Four Methods for Detecting H. pylori Bacteria Infections

Created by Doctor Smith in Digestive Health, 1 months ago

Testing for H. pylori (Helicobacter pylori) bacteria becomes necessary when patients exhibit persistent symptoms of peptic ulcers or experience an unusually severe progression of the condition. Additionally, H. pylori testing is repeated after treatment to determine if the patient has been effectively cured. The decision to use specific H. pylori testing methods depends on several factors, as outlined below:

1. When is H. pylori Testing Necessary?

Medical practitioners determine the need for H. pylori testing based on the following factors:
  • Availability of testing facilities: The availability of tests for H. pylori and their compliance with performance standards at the healthcare facility.
  • Urgency of testing: In cases where the symptoms are not acute, and waiting for test results won't significantly impact the patient's health, slower tests such as bacterial culture may be chosen.
  • Additional requirements: Does the patient require assessment for stomach damage, or is an antibiotic resistance test necessary?
Based on these considerations, the healthcare provider will choose one or a combination of the following H. pylori tests.

2. Endoscopy for Detecting H. pylori in the Stomach

In this method, a small endoscope equipped with a camera is inserted into the stomach via the esophagus to locate the ulcer. A biopsy is taken from the area around the ulcer to perform a Urea Breath Test or bacterial culture, or simply to assess the ulcer's morphology, which allows for a preliminary diagnosis of the patient's H. pylori infection. Endoscopy not only provides an accurate diagnosis of stomach and duodenal ulcers but also helps in assessing the severity of symptoms, the location of damage, and selecting the most appropriate treatment plan. Although some patients may find endoscopy uncomfortable, especially the elderly, it is essential for evaluating stomach damage that other tests cannot achieve. If a patient has been treated for H. pylori, and symptoms persist, an antibiogram may be conducted to determine antibiotic resistance and select an alternative treatment.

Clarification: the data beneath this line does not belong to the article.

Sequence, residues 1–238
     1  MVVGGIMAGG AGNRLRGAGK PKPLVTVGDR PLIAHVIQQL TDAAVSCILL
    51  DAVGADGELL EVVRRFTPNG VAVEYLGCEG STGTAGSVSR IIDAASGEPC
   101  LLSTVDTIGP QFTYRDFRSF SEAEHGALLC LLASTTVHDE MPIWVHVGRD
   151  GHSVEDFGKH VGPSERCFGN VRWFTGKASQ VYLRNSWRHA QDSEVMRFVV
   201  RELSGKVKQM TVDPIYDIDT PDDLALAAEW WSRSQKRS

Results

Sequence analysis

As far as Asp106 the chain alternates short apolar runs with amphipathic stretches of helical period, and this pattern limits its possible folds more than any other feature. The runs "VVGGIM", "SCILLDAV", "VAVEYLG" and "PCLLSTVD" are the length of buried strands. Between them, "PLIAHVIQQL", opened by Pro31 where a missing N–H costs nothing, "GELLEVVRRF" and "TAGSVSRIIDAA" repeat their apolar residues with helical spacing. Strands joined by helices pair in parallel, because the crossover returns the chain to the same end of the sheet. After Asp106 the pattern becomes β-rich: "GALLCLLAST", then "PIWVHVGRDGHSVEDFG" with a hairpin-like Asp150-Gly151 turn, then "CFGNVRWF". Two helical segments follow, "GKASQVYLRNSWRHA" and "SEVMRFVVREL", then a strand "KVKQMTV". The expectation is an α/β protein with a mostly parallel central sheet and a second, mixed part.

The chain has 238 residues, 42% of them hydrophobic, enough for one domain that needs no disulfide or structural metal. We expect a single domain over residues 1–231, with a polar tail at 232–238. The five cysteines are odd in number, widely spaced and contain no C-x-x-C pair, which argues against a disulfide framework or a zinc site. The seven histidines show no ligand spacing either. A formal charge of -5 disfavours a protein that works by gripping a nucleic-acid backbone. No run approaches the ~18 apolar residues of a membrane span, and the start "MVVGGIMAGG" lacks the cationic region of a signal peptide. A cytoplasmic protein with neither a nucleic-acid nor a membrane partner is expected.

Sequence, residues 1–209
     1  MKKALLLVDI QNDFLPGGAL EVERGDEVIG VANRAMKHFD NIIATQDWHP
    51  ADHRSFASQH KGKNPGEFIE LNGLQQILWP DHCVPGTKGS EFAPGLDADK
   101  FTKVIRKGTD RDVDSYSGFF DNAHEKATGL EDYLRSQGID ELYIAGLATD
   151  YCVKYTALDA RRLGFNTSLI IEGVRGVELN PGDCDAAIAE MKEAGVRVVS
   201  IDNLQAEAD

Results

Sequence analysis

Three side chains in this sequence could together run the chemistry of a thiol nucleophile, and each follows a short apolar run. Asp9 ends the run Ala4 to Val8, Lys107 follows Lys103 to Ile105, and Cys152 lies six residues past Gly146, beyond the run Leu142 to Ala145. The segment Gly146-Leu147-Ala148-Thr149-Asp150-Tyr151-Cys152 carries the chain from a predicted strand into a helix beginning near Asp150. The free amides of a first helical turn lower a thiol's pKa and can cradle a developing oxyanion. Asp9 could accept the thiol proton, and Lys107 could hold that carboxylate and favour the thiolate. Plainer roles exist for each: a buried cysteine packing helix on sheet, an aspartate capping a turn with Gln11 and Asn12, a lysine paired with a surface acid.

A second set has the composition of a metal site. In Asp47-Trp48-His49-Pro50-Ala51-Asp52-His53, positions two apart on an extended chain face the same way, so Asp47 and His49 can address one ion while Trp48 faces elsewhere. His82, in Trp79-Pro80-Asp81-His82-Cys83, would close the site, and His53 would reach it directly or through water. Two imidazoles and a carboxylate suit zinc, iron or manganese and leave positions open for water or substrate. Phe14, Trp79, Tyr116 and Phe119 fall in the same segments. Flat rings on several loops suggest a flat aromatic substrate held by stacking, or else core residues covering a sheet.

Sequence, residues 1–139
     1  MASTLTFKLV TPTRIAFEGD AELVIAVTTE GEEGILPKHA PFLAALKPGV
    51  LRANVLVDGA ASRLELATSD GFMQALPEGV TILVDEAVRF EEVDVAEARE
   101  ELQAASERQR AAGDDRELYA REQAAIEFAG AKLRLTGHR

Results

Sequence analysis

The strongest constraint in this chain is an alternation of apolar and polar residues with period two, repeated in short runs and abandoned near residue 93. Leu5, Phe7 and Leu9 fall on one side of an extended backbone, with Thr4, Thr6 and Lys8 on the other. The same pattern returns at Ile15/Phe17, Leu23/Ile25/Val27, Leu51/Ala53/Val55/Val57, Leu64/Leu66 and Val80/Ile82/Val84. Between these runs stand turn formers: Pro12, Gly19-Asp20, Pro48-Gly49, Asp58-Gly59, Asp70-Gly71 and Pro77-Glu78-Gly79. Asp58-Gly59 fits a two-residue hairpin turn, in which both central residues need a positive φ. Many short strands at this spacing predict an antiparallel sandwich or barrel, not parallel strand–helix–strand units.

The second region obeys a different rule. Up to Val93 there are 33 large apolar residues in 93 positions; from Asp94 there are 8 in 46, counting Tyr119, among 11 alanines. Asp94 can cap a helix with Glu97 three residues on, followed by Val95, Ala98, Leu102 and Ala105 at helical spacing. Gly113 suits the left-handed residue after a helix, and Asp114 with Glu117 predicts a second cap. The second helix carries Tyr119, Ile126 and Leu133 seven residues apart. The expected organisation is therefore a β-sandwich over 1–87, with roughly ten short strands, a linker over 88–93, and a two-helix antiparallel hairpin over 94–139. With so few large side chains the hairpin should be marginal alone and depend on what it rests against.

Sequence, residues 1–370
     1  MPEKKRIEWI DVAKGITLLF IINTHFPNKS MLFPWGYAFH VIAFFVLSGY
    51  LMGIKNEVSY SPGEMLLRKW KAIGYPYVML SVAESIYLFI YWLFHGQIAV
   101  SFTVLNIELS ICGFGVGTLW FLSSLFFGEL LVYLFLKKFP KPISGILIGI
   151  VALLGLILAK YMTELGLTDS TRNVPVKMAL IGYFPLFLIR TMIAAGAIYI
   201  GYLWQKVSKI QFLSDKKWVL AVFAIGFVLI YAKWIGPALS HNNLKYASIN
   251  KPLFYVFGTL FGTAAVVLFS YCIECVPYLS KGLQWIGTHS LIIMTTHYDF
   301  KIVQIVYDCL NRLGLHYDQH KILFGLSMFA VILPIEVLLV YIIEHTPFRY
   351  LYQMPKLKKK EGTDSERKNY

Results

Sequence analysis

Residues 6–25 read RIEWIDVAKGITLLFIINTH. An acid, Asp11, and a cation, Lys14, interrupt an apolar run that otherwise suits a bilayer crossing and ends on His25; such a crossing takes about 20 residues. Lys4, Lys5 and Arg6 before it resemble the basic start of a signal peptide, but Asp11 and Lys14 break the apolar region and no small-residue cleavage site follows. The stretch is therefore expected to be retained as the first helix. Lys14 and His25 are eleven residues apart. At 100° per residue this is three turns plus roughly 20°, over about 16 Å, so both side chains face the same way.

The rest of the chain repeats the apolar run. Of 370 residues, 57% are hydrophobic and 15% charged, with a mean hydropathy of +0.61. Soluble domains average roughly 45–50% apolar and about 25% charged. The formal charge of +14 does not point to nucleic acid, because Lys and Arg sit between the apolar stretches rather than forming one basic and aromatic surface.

3. Urea Breath Test (Breath Test) for H. pylori

The Urea Breath Test is a non-invasive method widely used in many countries, to detect H. pylori. Patients exhale into a specialized device, which comes in two forms:
  • Balloon breath test: Patients exhale into a balloon-like device.
  • Card breath test: Patients exhale into a card-like device similar to an ATM card.
The patient's breath is then analyzed using specialized equipment, providing indicators for the doctor to evaluate whether the patient tests positive for H. pylori. The Urea Breath Test delivers accurate results quickly, without the need for invasive procedures, and is suitable for individuals of all ages. It is especially valuable for re-evaluating the effectiveness of H. pylori treatment.

4. Stool Test for H. pylori

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When H. pylori bacteria are present in the stomach, they are regularly excreted through feces. Stool testing for H. pylori, which employs immunofluorescence, offers an accurate method for detecting the bacteria. This test is particularly preferred for evaluating H. pylori infections that cause duodenal ulcers. While the process is relatively straightforward for patients, results may not be immediate, which can be somewhat inconvenient. Stool testing can also pose hygiene and convenience challenges for both patients and technicians.

5. Blood Test for H. pylori Detection

In H. pylori infections, the body produces anti-H. pylori antibodies, which are present in the blood and can be detected through blood tests. Blood tests for H. pylori are widely available in most provincial and city-level healthcare facilities across the country. However, this is not the preferred test method because it has a relatively high risk of false positives.

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H. pylori bacteria can exist in other areas, leading to positive blood test results in locations such as the oral cavity, sinuses, and intestines without causing disease. Furthermore, anti-H. pylori antibodies may persist in the blood for months or even years after the bacteria in the stomach have been eradicated, making this test less reliable. Blood tests for H. pylori are typically used when no other testing methods are available.

Each type of test has its own set of advantages and drawbacks, and the choice of test is determined by the healthcare provider after an evaluation of the patient's specific needs.

Answered by Doctor Smith, 1 months ago